Skip to main content

Empire Magazine (2008) Greatest Movies List - #136: Amadeus

I will never go to the opera, but I consume movies like food so watching Milos Forman’s Amadeus (1984) is probably the closest I will ever get to spending a night at the opera. There have been plenty of biographies about singers and artists, but most of them are about rock musicians who ascend to greatness before crashing and burning because of their drug addiction. The life of composer Wolfgang Amadeus Mozart doesn’t feature any cocaine-fuelled downfalls, but it still has plenty of drama courtesy of a scheming competing artist straight out of a Shakespeare play.

The movie was a massive critical hit when it was released in the 1980s and made a star out of F. Murray Abraham as the man planning Mozart’s downfall. It also had the unfortunate side effect of having him be pigeon holed as a villain for many movies to come, something that was referenced in the action movie parody Last Action Hero. In that meta movie within a movie the young protagonist tries to warn Arnold Schwarzenegger’s action hero about Abraham’s character by telling him he killed Mozart, which was a bit of a spoiler since I hadn’t seen Amadeus yet and did not know about the story. I got caught up on the whole thing last year when the director’s cut became available on Netflix, and fortunately there is a lot more to the story than a simple murder.

The story does open with composer Antonio Salieri (Abraham) attempting suicide in 1823 for his guilt over the murder of Mozart. Taken to an asylum a priest (Richard Frank) tries to offer him comfort and their conversation eventually veer into Salieri’s confession and life story. In a way it all has to do with fame, since the priest cannot identify any of Salieri’s music, but he has no problem with anything made by Mozart. Yet by all accounts Salieri tried to do everything right to be a great composer by devoting himself to God, avoiding all distractions in life, and working hard. His work was rewarded with respect, money, and a job as the court composer for Emperor Joseph II (Jeffrey Jones) in Vienna.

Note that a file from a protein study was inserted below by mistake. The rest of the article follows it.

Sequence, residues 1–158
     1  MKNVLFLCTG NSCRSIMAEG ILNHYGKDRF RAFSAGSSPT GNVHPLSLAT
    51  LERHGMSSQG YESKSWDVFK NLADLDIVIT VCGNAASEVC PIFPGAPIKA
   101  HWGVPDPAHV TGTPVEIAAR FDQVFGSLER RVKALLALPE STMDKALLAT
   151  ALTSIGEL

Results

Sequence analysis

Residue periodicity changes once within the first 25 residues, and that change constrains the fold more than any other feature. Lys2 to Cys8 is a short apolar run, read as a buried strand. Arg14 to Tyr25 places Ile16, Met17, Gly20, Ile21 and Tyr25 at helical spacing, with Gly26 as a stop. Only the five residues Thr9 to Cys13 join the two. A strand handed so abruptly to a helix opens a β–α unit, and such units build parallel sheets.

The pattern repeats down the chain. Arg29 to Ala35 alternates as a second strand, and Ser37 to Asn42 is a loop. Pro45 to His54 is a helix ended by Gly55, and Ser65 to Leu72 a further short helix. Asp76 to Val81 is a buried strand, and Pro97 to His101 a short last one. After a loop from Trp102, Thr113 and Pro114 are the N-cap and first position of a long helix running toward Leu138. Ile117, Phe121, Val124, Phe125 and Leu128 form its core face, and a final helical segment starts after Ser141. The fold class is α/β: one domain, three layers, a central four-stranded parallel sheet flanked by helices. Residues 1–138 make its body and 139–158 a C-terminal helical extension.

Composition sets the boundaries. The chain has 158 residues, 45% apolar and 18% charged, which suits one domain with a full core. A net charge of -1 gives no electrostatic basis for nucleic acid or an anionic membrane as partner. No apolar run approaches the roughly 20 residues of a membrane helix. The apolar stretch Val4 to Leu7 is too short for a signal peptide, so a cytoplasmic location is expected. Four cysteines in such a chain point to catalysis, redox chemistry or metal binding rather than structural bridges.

Unfortunately his hard work becomes overshadowed by the arrival of Mozart (Tom Hulce) whom Salieri at first admires and thinks his music is a gift from God. Upon meeting Mozart he believes God must be toying with him since Mozart is a buffoon, running around like a child after his gorgeous wife Constanze (Elizabeth Berridge), and has a squeaky laugh that would make The Joker proud. Despite his lack of good manners, decorum, and fear of God, there is no denying that Mozart is a musical genius since he can memorize a march after hearing it only once and is able to compose incredible operas as though they were flowing from his fingers. Seeing an idiot be able to easily create what takes the average person hundreds of hours to perfect is enough to shake your faith in a higher power, which is exactly what happens to Salieri.

However Mozart like all people is flawed. Unlike Salieri he is not good with money and eventually finds himself in financial difficulty. His stern father (Roy Dotrice) does not approve of his lifestyle and his death leaves Mozart emotionally unstable. Salieri sees this as his way to destroy his rival and possibly claim some of his compositions as his own. Through lies and manipulations he worsens Mozart’s situation and inserts himself in his life pretending to be his friend. This is not exactly Mark David Chapman shooting John Lennon, but in a way it is worse since Salieri is taking months to kill his victim.